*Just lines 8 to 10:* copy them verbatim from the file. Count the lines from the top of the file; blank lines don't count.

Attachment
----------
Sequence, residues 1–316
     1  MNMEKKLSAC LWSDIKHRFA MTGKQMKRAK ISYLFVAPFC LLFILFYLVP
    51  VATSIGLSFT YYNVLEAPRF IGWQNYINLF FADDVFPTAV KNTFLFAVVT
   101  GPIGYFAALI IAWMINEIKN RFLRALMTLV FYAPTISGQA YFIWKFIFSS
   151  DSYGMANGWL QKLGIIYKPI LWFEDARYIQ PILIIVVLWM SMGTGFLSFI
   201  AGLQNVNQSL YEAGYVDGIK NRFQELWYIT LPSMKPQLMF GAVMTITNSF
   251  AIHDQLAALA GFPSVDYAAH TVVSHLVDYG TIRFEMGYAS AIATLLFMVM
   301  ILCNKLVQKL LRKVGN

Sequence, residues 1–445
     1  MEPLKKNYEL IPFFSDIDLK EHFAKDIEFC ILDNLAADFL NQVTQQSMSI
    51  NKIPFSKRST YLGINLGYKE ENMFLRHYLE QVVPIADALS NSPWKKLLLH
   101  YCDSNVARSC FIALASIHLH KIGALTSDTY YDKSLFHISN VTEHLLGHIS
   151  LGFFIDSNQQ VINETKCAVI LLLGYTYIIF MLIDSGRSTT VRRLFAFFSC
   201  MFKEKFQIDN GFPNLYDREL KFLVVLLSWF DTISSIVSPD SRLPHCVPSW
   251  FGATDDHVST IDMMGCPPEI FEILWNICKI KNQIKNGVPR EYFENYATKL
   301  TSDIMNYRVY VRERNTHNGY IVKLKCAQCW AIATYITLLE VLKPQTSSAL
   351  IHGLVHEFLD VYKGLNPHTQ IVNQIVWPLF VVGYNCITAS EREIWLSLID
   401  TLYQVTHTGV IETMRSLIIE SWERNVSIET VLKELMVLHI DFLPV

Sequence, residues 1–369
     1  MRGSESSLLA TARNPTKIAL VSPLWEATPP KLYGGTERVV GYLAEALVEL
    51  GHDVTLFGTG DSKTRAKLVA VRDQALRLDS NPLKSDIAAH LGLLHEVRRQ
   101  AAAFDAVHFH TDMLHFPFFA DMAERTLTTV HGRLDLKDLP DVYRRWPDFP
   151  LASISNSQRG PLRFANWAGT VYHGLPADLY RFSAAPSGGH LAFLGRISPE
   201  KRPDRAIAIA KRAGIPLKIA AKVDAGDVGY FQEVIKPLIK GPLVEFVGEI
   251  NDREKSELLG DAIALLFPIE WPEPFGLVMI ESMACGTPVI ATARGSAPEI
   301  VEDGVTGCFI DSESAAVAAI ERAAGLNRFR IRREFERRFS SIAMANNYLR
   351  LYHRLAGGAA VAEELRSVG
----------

   301  ILCNKLVQKL LRKVGN

Sequence, residues 1–445
     1  MEPLKKNYEL IPFFSDIDLK EHFAKDIEFC ILDNLAADFL NQVTQQSMSI